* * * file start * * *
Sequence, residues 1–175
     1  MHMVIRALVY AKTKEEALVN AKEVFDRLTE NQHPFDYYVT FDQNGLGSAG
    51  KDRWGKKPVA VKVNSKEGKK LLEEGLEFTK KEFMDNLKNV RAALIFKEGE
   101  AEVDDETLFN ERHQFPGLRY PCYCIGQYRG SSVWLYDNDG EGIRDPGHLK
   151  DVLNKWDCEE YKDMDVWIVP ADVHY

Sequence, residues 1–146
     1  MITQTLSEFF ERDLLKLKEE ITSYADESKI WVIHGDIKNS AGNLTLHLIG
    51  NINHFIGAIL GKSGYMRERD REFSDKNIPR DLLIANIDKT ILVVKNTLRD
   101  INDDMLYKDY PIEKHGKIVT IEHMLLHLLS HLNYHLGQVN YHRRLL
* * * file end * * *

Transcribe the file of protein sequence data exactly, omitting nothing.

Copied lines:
Sequence, residues 1–175
     1  MHMVIRALVY AKTKEEALVN AKEVFDRLTE NQHPFDYYVT FDQNGLGSAG
    51  KDRWGKKPVA VKVNSKEGKK LLEEGLEFTK KEFMDNLKNV RAALIFKEGE
   101  AEVDDETLFN ERHQFPGLRY PCYCIGQYRG SSVWLYDNDG EGIRDPGHLK
   151  DVLNKWDCEE YKDMDVWIVP ADVHY

Sequence, residues 1–146
     1  MITQTLSEFF ERDLLKLKEE ITSYADESKI WVIHGDIKNS AGNLTLHLIG
    51  NINHFIGAIL GKSGYMRERD REFSDKNIPR DLLIANIDKT ILVVKNTLRD
   101  INDDMLYKDY PIEKHGKIVT IEHMLLHLLS HLNYHLGQVN YHRRLL